Many industry buzzwords are just hype, but some actually do make people think in new ways. In my time in the payment industry, I have seen a lot of them come and go: big data, omni-channel, responsive design, mobile, one-click and conversion, to name a few.
Big Data was the Next Big Thing in e-commerce in early 2013 – and it is just as relevant today with competition in e-commerce getting hotter and hotter. I’d say it is even more important, as long as you turn it into useful data. Into business intelligence.
Almost anyone can start a webshop, but most of them struggle to become profitable and remain that way in the long run. One of the keys to success is to collect and use customer information in a strategic way. But how do you really capitalise on your big data?
As a provider of pay-after-delivery services, arvato Financial Solutions processes lots of raw data every day. That data is valuable for our clients, so we make sure they get it and can use it: transparency is important to us. And we transform the data into the sort of business intelligence that our clients can use.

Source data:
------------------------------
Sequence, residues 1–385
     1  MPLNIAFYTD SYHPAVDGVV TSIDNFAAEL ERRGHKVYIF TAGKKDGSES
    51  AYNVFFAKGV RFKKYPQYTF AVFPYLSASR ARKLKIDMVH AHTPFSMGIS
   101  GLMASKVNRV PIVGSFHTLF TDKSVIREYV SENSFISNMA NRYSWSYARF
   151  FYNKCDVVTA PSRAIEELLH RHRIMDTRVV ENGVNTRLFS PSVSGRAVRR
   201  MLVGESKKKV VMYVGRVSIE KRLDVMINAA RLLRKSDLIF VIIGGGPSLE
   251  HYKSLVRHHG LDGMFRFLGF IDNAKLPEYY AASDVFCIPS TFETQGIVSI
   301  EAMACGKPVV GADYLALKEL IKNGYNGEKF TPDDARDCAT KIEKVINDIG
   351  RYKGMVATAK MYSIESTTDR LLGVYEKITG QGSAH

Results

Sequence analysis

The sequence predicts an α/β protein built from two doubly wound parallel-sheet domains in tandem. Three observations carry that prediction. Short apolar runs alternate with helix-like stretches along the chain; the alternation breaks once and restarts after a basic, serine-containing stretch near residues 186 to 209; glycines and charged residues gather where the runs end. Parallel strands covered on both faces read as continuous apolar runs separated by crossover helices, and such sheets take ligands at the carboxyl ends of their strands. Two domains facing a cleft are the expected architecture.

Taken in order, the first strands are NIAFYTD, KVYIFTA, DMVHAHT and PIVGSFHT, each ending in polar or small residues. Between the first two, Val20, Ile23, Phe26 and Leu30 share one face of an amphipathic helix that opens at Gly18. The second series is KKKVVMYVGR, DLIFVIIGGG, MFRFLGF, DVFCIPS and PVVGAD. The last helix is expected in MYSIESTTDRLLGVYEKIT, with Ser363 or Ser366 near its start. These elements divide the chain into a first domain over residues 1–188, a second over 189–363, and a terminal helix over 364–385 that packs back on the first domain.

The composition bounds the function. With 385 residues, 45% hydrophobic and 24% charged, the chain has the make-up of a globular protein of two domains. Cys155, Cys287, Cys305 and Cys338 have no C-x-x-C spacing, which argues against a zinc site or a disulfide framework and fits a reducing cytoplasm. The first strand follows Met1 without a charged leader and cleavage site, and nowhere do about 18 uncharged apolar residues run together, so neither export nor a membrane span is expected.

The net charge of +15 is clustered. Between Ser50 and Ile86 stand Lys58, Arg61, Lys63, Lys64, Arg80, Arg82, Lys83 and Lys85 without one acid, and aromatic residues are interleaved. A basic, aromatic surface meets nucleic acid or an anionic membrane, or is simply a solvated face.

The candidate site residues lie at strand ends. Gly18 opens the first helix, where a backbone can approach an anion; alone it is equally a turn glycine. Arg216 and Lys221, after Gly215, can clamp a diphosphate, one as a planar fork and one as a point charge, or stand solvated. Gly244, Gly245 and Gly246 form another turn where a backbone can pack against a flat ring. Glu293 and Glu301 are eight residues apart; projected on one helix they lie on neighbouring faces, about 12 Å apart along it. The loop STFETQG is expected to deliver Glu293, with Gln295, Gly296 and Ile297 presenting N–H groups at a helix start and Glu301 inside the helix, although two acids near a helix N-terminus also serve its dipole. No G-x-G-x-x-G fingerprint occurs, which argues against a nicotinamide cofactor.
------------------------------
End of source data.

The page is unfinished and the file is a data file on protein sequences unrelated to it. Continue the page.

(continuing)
So what is business intelligence? Wikipedia defines it as “the set of techniques and tools for the transformation of raw data into meaningful and useful information for business analysis purposes”. That works for me. We focus on removing complexity – not generating lots of data – so that our clients can capitalize on the information they get. So they can use it to improve their business. A strategy based on real BI gives them a competitive market advantage.
That is why we provide an easy-to-use tool, a dashboard, to help clients see the big picture of their business. And we are now launching Business Intelligence Update, a monthly e-mail summary of each client’s key BI figures, linking to their individual business data dashboards. This will allow clients to understand their customers’ behaviour and make strategic decisions based on the facts.
Business intelligence is useful not only for marketing and targeting campaigns, but also on a more regular basis, for example to verify that your business is running efficiently, identify abnormalities and discover trends over time.
In the end, it’s not the amount of data that’s important – it’s what you do with it that matters.
– Marie Flem Honningdalnes
Product Manager E-commerce, arvato Financial Solutions Norway
Convenience in every transaction!